Overview Of Car Parts In An Emissions System
The emissions system is one of the areas that most drivers happily ignore. They might diligently have the oil in their cars changed every 5,000 miles. And they may replace the filters religiously. But, when it comes to the parts and components that comprise their emissions system, many people close their eyes and hope for the best. The problem is that there are a lot of parts that contribute to that area and things can go wrong with each of them. When they malfunction, which can happen as your vehicle ages, the fuel-efficiency and performance of your car can suffer dramatically.
Today, I’ll provide you with a quick overview of the components that make up your vehicle’s emissions system. I’ll also explain the tasks for which they’re responsible, and what can happen to them over time.
The catalytic converter is supposed to help eliminate hydrocarbons that are in the exhaust. There are several chemicals within the part that allow it to perform this function. However, those chemicals don’t last forever; they diminish with constant use. When they’re exhausted (no pun intended), your vehicle can fail an emissions test. Just remember, a catalytic converter may look fine, but the chemicals within can be depleted.
Very few people ever think about their car’s muffler and when they do, it’s normally in the context of how their engine sounds without it. In truth, the muffler plays an important role in managing the pressure that results from your engine’s combustion process. Plus, it also helps the catalytic converter regulate the temperature at which it burns hydrocarbons.
Your engine requires both gas and oxygen during combustion. Its operational efficiency depends largely on the mixture of both elements. When there’s too much oxygen present, the exhaust will contain too many hydrocarbons, causing the catalytic converter to work harder. Your car’s oxygen sensor helps to regulate the mixture of gas and air used during combustion. However, they can wear out quickly, so plan to change the sensor every 4 or 5 years (of course, double-check your owner’s manual).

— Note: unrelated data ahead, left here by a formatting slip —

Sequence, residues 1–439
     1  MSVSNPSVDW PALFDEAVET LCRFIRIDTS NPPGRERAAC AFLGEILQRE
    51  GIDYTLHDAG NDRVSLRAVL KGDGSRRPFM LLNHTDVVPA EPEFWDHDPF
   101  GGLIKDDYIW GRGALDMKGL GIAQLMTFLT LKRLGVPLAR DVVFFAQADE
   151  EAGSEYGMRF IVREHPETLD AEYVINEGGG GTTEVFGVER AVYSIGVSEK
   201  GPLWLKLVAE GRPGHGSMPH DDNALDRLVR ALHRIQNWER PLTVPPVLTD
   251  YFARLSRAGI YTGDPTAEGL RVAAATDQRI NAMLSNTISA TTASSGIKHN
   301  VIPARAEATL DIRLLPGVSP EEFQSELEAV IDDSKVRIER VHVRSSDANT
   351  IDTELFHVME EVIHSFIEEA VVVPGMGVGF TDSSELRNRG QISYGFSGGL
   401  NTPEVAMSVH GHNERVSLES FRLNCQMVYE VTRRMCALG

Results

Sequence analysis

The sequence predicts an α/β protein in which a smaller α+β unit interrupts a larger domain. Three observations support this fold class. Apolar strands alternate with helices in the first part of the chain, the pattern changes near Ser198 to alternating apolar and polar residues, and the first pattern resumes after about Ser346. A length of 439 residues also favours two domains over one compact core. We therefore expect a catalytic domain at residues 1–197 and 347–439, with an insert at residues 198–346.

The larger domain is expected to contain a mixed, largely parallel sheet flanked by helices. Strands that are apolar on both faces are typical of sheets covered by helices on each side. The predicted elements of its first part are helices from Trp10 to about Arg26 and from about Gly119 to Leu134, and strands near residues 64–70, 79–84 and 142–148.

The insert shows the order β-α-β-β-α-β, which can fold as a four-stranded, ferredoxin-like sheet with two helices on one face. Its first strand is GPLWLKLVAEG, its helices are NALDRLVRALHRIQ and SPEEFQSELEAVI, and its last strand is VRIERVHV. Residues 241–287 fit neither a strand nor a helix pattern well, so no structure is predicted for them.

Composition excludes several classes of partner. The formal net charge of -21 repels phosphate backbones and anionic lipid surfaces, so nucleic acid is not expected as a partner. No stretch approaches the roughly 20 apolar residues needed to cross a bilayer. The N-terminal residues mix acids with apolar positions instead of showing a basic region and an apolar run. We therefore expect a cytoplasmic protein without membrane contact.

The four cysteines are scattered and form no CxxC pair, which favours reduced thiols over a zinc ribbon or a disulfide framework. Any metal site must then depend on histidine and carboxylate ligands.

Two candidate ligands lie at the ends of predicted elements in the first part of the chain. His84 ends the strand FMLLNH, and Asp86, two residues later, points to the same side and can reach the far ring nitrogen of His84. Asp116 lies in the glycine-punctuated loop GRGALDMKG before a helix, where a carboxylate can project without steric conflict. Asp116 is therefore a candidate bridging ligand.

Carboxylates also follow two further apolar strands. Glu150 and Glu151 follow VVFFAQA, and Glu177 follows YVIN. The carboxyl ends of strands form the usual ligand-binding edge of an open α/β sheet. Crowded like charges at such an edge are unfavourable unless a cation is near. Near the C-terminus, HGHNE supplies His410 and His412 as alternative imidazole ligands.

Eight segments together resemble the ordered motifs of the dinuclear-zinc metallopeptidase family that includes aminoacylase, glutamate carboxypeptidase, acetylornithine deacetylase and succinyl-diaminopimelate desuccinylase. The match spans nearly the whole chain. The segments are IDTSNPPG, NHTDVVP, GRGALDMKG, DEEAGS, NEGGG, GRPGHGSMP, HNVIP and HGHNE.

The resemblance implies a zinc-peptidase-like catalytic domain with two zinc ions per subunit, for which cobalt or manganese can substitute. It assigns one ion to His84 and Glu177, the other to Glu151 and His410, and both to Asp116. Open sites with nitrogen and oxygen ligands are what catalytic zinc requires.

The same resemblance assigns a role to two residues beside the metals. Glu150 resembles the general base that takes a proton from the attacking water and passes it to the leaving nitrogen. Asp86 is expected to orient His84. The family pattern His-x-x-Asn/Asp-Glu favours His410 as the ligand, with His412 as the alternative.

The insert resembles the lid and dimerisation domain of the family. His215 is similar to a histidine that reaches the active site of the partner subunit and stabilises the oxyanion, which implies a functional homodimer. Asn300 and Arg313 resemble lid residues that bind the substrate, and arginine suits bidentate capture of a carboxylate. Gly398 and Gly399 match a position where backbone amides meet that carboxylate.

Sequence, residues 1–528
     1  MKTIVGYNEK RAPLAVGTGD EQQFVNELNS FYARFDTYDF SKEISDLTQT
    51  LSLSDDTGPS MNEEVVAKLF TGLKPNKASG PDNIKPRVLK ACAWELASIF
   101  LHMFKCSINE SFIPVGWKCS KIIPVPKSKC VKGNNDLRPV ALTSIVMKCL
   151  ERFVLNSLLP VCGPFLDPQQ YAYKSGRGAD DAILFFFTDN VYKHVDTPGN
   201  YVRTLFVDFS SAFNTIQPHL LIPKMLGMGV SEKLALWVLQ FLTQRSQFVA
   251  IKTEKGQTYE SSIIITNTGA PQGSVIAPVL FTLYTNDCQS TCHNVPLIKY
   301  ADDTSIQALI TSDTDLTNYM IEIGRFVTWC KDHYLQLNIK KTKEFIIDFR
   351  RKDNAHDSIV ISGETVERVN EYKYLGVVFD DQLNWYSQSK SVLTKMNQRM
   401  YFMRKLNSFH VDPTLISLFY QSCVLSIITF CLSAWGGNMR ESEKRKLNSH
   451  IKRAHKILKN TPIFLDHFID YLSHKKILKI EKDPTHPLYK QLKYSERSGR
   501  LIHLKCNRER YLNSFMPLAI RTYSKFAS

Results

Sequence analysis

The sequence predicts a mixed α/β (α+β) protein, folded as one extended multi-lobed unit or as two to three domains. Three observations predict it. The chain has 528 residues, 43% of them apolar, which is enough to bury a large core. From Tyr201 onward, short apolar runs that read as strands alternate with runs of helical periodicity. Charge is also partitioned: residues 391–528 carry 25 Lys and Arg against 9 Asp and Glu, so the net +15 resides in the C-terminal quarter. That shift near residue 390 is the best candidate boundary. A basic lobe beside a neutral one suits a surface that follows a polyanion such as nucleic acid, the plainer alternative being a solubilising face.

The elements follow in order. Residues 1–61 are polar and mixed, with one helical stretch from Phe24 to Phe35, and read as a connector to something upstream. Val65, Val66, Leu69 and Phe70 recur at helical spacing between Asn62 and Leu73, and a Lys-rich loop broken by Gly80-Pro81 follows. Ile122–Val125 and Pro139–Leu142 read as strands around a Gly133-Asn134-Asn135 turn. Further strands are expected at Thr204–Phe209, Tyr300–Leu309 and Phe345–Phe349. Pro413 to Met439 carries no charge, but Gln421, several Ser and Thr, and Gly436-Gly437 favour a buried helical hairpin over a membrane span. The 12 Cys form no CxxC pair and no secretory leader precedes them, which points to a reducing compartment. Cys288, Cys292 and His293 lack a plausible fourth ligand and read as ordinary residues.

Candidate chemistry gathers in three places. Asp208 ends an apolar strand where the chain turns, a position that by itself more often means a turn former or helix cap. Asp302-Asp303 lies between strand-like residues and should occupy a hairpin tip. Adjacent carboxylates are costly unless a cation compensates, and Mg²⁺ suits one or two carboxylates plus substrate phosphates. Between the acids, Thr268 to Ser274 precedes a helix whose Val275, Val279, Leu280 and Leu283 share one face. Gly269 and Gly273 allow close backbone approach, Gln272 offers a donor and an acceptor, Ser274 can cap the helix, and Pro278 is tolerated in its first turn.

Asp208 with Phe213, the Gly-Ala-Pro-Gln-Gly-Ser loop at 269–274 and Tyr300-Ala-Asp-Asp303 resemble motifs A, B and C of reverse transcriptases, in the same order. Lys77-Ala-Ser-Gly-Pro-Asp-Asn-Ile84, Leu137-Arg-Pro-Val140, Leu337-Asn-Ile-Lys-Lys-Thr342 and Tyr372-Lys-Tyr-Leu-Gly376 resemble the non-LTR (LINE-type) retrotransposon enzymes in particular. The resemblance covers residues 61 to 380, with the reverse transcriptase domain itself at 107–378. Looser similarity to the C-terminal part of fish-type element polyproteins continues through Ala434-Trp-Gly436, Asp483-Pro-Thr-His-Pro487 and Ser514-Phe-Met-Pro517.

PCV values are relatively cheap and they perform a simple function, but they’re critical to your car’s emissions. The crankcase has a tendency to accumulate gases. The valve’s job is to redirect those gases over to the intake manifold. If that doesn’t happen, the fumes contained inside the crankcase can “dirty” your vehicle’s exhaust. PCV valves can get blocked or clogged over the years, so you’ll need to replace it periodically. But, it’s a simple job and doesn’t take much time.
A Team Of Car Parts
The components that I’ve mentioned above work as a team in order to clean up your vehicle’s emissions. That means if one component malfunctions, the effectiveness of the others can be impacted. Have them checked the next time you visit your mechanic. By keeping the entire system in good shape, you’ll enjoy better fuel-efficiency and performance.